Scientists say this is the world’s most sustainable whale shark swim. We gave it a go.

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New research shows Western Australia sets the “gold standard” for whale shark tourism. Sarah Reid dives into Ningaloo Reef—and the science—to find out how it stacks up.  

“Go, go, go!”

Slipping off the back of the boat into the cool, blue water on our snorkel guide Freya Scrowston’s signal, I find myself facing a five-meter (16-foot) whale shark, its elongated mouth agape to scoop up the planktonic goodness invisible to my human eyes. A distinctive checkerboard pattern of bright white spots adorns its sleek grey body, like a living Aboriginal artwork, and a posse of cleaner wrasse jostle for position on its vast white underbelly.

This otherworldly scene is unfolding at Australia’s World Heritage–listed Nyinggulu (Ningaloo) Reef, where the gin-clear waters of the Indian Ocean meet the arid Western Australian outback.

Between March and July each year, the abundance of naturally occurring food coinciding with the annual coral spawning attracts hundreds of whale sharks, mostly juvenile males, to the traditional Sea Country of the Baiyungu, Thalanyji and Yinigurdira peoples. Also gathering in Ningaloo each whale shark season is a steady stream of tourists keen to get a glimpse of this majestic megafauna in its natural habitat.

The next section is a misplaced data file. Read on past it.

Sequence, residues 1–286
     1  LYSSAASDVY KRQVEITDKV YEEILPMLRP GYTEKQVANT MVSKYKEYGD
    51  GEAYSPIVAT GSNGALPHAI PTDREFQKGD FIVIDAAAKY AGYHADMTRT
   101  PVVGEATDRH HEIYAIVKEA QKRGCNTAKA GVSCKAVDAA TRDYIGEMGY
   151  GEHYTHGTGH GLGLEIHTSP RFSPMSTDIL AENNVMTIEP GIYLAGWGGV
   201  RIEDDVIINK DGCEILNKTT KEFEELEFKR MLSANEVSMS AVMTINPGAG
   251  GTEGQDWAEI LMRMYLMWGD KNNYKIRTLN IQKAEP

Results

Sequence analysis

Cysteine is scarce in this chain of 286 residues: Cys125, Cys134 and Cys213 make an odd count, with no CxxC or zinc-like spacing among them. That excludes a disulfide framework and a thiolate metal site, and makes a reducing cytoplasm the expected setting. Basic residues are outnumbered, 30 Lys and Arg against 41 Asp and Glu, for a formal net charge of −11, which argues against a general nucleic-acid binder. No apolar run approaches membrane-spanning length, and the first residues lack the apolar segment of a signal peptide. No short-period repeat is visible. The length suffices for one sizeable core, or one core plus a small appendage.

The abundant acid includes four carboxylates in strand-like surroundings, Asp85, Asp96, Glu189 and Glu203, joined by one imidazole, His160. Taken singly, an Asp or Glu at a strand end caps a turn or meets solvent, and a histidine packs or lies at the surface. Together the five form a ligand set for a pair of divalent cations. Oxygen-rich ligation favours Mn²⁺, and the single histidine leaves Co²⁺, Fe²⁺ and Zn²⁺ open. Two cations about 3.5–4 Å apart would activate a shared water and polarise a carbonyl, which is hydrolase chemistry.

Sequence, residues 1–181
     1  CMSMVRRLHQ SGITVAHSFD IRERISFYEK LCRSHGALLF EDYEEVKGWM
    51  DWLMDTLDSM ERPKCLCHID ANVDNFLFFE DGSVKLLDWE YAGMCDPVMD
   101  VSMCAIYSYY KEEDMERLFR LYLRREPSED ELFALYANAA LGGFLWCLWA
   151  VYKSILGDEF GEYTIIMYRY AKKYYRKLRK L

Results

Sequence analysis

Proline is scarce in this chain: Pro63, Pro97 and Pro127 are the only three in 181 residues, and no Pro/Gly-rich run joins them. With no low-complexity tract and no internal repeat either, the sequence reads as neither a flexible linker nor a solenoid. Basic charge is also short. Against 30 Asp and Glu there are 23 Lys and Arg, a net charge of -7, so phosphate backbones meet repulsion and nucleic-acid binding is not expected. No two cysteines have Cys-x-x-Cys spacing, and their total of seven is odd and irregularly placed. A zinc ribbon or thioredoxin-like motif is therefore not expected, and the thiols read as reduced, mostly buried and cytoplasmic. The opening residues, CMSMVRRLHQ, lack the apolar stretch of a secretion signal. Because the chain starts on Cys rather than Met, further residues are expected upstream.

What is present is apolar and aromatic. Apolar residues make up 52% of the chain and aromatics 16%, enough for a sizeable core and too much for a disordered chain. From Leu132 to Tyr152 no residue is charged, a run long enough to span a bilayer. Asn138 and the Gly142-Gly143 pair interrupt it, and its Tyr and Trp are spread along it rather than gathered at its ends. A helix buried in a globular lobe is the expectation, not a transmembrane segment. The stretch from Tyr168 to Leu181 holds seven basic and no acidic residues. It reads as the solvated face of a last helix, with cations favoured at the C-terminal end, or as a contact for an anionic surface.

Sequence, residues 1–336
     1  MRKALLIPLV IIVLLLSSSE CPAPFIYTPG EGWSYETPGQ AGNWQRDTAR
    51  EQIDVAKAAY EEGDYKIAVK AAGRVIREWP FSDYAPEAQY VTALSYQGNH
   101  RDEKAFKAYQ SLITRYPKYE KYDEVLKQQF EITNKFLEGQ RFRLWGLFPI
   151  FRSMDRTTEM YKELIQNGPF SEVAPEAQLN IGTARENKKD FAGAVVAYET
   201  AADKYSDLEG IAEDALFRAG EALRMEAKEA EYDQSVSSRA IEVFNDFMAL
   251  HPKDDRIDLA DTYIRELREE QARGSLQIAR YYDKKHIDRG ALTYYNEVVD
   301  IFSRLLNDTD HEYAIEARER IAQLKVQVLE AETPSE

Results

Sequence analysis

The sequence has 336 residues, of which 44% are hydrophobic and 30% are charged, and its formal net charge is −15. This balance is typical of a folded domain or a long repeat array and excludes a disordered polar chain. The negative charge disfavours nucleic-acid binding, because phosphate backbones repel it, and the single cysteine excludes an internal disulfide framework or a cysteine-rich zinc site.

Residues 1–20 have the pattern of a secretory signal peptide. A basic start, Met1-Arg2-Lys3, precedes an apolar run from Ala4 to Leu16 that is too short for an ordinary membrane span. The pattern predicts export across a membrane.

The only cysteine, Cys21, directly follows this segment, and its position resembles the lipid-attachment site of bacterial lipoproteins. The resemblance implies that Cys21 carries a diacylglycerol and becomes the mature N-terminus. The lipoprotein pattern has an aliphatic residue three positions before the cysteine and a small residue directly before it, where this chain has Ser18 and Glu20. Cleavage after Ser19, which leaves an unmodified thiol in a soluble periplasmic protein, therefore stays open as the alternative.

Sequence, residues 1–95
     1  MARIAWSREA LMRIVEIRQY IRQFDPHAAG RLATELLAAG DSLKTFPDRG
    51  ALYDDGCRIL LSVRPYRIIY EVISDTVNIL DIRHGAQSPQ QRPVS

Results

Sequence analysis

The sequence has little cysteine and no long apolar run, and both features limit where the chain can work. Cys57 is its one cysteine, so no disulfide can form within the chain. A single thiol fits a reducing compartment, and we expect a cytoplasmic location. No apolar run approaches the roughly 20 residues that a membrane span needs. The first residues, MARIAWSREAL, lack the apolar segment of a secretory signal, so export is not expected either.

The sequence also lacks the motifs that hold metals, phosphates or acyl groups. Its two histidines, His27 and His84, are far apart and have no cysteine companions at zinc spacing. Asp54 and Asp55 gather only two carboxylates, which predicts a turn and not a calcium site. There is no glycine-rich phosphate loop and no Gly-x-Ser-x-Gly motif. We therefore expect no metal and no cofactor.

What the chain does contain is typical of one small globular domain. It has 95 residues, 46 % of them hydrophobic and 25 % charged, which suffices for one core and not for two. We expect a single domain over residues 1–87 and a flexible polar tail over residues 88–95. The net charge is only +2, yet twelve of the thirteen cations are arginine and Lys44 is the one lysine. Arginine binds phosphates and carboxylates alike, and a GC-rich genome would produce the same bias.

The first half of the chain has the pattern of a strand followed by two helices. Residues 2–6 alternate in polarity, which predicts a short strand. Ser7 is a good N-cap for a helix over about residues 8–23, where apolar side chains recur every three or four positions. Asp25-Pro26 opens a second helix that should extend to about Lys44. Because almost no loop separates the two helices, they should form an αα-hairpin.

Healthy whale sharks are key to healthy marine ecosystems, Meakin tells me, adding that the species is thought to play an important role in the ocean’s biologically driven sequestration of carbon. “We think that they’re likely to be very important in supplying nutrients and retaining nutrients in these tropical surface waters, which planktonic systems can then rely on to kick-off.”

He firmly believes tourism is crucial to conserving these mesmerizing creatures: “We have this hardwired fascination for this megafauna, and whale shark tourism is about stoking that fascination. That’s the thing that may mean that these animals actually survive through the 21st century.”

Swimming alongside the biggest fish in the sea at Ningaloo, it’s impossible not to feel a deeper sense of responsibility to protect these beautiful beasts. But it’s even sweeter knowing for sure that my presence isn’t negatively impacting their natural rhythm.

*The writer visited Ningaloo as a guest of Tourism Western Australia (TWA). TWA did not review or approve this article.


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